Less than 50.000 transistor functions are required to build an AES block. Approx. 1.000.000 AES blocks can run in parallel on an 8’’ wafer to try and break a code using Brute Force.
Attacks need to be expensive for an attacker
The proposed cipher requires a lot of resources and extremely much time for key setup, an attacker requires a “time x resources product” of approx. 200.000 times compared with AES Rijndael when using keys with a similar length.
Trying different AES keys requires 50.000 transistor equivalents and less than 1µs. This isn’t really all that much. This is a REAL weakness.
1500 Mbit/s on an Intel Core i7 950 (3.06GHz) (64 bit C++ code, 1024 byte block length)
132 Mbit/s on an Intel Core i7 950 (3.06GHz) (64 bit C++ code)
1000 Mbit/s on an Intel Core Core i7 950 (3.06GHz) (64 bit C++ code)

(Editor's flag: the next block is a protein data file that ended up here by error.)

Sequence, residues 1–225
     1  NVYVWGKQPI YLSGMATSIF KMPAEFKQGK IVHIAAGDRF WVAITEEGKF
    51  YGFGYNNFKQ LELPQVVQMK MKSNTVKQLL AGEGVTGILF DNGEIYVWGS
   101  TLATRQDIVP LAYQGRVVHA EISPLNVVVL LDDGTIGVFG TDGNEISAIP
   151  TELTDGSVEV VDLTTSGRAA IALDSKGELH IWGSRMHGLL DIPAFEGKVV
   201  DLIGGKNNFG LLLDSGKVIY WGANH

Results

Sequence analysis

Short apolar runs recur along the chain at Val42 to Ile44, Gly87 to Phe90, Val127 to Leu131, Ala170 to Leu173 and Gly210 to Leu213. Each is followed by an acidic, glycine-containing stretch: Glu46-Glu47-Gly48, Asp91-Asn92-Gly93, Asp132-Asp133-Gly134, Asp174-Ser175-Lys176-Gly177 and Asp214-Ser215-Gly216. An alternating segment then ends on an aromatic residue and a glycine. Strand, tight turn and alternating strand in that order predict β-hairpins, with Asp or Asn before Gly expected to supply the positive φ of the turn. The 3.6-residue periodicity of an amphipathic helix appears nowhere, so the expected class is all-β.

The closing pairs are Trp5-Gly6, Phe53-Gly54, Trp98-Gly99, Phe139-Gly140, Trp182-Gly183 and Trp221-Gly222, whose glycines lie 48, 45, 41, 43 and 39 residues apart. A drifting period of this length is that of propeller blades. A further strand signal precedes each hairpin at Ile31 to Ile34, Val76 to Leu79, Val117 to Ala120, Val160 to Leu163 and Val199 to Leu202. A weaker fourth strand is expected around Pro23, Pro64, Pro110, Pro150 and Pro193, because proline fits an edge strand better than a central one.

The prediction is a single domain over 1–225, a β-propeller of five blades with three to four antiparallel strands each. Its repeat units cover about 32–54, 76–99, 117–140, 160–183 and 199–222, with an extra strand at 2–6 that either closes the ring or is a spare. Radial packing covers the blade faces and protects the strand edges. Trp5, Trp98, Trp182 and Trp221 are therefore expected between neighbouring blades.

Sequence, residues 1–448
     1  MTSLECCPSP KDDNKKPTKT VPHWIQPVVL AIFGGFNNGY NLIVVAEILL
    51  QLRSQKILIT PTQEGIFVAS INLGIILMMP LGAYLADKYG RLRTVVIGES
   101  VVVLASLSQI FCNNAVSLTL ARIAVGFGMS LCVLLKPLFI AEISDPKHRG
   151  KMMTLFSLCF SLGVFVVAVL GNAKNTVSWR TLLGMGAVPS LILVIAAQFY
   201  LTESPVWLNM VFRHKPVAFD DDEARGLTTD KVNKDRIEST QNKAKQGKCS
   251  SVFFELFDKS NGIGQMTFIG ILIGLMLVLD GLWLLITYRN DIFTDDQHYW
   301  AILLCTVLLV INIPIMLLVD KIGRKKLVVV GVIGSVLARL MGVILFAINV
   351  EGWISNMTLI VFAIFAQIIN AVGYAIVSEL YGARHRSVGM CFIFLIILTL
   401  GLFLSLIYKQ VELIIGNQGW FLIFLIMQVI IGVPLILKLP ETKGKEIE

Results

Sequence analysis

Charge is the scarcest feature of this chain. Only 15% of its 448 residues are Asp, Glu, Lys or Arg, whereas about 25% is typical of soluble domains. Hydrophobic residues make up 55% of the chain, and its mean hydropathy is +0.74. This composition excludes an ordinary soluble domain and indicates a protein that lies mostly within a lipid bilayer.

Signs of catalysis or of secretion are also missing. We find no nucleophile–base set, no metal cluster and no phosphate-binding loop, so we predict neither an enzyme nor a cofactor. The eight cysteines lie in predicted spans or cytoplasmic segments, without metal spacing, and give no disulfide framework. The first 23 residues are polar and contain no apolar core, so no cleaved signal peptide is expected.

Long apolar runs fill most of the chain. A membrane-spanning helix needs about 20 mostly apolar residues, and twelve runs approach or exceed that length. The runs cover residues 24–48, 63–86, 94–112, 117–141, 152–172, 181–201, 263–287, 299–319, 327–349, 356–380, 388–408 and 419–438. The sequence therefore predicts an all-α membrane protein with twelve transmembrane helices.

Three round Luby Rackoff features proven security. Polymorphic encryption is increasingly popular among experts but it’s probably impossible to prove security of the entire cipher.
Due to a relatively large number of conceptually different base ciphers like Anubis or Serpent or AES, known weaknesses of these base ciphers play no role. Cascades actually improve attack security noticeably. This alone is sufficient to assume a higher attack security than for AES alone.
Security is not proven. Extensive peer review indicates that the cipher could be broken in the future:
For 128-bit Rijndael, the problem of recovering the secret key from one single plaintext can be written as a system of 8000 quadratic equations with 1600 binary unknowns.
Recently has a new related-key boomerang attack on the full AES-192 and the full AES-256 been found by . Biryukov and Khovratovich. A 256 bit key is reduced to a 119bit key when using AES-256. The attack is not applicable to 128 bit keys.
Cipher is NOT open source and a license needs to be bought from PMC Ciphers, Inc.
Cipher is open source and royalty-free.